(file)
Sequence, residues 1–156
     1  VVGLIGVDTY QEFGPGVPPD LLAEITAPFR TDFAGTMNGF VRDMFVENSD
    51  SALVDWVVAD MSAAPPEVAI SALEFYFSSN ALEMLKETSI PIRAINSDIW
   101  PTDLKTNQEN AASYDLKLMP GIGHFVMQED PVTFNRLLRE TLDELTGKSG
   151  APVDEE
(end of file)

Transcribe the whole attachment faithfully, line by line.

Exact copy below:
Sequence, residues 1–156
     1  VVGLIGVDTY QEFGPGVPPD LLAEITAPFR TDFAGTMNGF VRDMFVENSD
    51  SALVDWVVAD MSAAPPEVAI SALEFYFSSN ALEMLKETSI PIRAINSDIW
   101  PTDLKTNQEN AASYDLKLMP GIGHFVMQED PVTFNRLLRE TLDELTGKSG
   151  APVDEE